“In the category of ‘no good deed goes unpunished,’ we now have the speech of FBI Director James B. Comey at the U.S. Holocaust Memorial Museum. He said some remarkable things. The first is that he requires all his agents and analysts to visit the museum so that they can acquaint themselves with evil. The second is that he personally is so ‘haunted’ by the Holocaust that ‘it has long stood as a stumbling block to faith.’
“That stopped me right there,” Cohen writes. “ ‘Who is this guy?’ I wondered. J. Edgar Hoover would never have confessed to a substantial crisis of faith, never mind sending his agents to any museum. … What followed though was not applause, but condemnation.”
Cohen then continues by offering historic evidence.
“Nowhere in Comey’s speech did he blame Poland for the Holocaust. He simply mentioned ‘accomplices,’ of which Poland had its share. This doesn’t negate the fact that no European nation suffered as much under Nazi rule as did Poland — and no nation had as effective an underground movement. Many Poles risked, and sometimes lost, their lives trying to save Jews. Poles were often splendid. Most just tried to survive.
“But even before the 1939 conquest by Germany, Poland had evolved into an anti-Semitic state. In her book ‘On the Edge of Destruction,’ Celia S. Heller wrote that the Jews of Poland ‘came to represent a conquered population.’ They were legally discriminated against. Quotas for Jews were established in colleges and universities. Jewish students were forced to sit in certain areas, the so-called ghetto benches. If they resisted, they were beaten by their fellow students, sometimes by the faculty as well. Jewish merchants, who already closed on Saturday, were forced to close Sunday as well and were required to post their names, often recognizably Jewish, on their storefronts.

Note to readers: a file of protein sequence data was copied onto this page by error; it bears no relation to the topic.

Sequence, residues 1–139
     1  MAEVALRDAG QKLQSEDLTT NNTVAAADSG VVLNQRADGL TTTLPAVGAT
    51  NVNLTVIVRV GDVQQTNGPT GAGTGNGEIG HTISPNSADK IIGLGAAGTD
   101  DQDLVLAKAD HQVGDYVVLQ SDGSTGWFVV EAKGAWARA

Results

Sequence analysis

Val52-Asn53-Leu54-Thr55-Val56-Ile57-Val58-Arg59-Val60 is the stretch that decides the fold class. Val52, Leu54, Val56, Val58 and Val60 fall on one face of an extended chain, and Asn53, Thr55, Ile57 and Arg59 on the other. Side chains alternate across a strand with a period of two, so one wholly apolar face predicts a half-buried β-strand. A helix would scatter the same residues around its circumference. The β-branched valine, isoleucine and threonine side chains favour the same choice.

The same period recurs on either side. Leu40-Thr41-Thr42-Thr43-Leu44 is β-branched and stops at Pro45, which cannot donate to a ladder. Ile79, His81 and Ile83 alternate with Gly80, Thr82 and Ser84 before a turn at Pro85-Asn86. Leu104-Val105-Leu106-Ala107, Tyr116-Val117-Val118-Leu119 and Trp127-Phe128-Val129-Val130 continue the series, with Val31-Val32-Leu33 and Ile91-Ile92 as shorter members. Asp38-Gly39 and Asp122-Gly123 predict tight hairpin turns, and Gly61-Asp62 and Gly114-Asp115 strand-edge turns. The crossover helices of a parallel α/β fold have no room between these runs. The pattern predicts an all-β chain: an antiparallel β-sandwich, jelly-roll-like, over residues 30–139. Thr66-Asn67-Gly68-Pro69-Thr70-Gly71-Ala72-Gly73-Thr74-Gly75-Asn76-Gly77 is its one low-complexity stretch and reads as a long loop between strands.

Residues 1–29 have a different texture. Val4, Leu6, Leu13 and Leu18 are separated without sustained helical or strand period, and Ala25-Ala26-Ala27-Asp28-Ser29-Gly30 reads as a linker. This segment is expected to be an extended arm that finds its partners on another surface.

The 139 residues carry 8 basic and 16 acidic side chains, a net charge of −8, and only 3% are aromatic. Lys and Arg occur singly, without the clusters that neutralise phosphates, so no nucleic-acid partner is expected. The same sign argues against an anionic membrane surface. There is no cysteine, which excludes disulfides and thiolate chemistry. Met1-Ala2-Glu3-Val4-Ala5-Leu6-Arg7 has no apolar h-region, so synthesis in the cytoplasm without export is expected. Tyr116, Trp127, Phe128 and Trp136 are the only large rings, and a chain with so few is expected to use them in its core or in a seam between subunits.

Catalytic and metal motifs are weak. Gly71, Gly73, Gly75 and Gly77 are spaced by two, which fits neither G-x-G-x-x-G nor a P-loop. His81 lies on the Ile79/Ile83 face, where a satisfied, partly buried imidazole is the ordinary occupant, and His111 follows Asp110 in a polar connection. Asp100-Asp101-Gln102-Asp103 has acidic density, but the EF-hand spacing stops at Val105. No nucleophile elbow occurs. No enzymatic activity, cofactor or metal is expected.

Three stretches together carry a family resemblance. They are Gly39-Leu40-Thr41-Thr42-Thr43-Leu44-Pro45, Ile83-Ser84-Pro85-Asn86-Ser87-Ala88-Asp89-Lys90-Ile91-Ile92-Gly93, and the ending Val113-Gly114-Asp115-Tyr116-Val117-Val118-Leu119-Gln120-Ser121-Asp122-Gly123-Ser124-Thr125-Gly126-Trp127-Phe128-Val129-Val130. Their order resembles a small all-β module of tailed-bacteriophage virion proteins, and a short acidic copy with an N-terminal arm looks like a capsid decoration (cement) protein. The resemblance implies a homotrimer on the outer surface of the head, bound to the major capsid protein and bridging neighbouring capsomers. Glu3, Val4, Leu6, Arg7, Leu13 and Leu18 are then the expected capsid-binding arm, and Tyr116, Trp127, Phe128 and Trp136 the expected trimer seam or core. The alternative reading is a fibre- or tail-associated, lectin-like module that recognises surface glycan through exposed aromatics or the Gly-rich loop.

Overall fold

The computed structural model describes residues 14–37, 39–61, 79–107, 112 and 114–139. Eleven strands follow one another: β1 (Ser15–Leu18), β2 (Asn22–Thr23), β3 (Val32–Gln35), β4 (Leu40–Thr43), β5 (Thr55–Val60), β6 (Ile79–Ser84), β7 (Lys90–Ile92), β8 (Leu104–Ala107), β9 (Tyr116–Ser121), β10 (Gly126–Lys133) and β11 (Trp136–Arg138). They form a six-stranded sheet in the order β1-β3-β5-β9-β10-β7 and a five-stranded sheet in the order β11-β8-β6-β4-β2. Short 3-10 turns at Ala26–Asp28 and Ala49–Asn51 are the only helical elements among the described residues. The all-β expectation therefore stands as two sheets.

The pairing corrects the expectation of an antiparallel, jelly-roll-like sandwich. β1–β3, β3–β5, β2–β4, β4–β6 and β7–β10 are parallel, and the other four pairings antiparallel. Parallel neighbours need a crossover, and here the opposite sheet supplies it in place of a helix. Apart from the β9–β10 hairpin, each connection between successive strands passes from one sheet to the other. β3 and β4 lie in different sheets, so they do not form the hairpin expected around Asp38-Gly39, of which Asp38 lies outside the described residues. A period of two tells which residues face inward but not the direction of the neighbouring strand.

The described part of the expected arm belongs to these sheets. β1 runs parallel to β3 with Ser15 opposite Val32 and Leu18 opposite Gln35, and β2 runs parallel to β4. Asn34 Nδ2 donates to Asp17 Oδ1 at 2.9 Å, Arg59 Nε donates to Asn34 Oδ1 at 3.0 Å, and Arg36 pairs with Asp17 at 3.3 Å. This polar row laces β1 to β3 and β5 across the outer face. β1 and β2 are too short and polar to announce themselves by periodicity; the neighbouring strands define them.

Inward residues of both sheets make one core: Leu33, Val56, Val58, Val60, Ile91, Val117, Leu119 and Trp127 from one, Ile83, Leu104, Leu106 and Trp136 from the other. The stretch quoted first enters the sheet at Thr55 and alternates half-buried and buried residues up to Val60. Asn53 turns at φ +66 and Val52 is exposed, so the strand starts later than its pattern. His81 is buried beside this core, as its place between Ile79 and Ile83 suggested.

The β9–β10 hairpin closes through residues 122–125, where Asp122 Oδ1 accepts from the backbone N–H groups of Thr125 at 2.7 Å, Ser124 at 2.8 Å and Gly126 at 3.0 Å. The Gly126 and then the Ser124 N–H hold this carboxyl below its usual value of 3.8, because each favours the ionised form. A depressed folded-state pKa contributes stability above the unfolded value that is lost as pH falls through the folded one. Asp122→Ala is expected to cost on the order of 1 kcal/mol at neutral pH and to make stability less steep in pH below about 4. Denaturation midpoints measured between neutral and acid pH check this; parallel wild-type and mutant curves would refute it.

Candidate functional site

“Many of these and other measures were implemented by Poland’s elected government, not by the Nazis who would later show the Poles how anti-Semitism could really be done. In Poland, anti-Semitism was not imposed from above. It was simply politically expedient. …
“I don’t begrudge the Poles their sensitivity. For too long their nation was unfairly characterized as an anti-Semitic cesspool and its incomparable suffering during World War II was largely ignored. But this effort to blame the Holocaust solely on the Germans — and soon, I bet, only on those Germans who were Nazis — is a historical whitewash.
“The Nazis originated and implemented the murder of Jews. Still, they had help, less in Poland than in some other nations — France, are you paying attention? — and they were often operating in areas where Jews had already been dehumanized.”
Bottom line: Nazi Germany and their leadership rightly deserve the lion’s share of shame and blame for the genocide of approximately 6 million Jews. Further, according to About.com, “In addition to Jews, the Nazis targeted Gypsies, homosexuals, Jehovah’s Witnesses, and the disabled for persecution. Anyone who resisted the Nazis was sent to forced labor or murdered. It is estimated that 11 million people were killed during the Holocaust.”
Nonetheless, given the fact that I was aware of the debate over the passage, I should have been more diligent in researching the issue before posting. At the very least, I should have made known the controversy to readers, and apologize.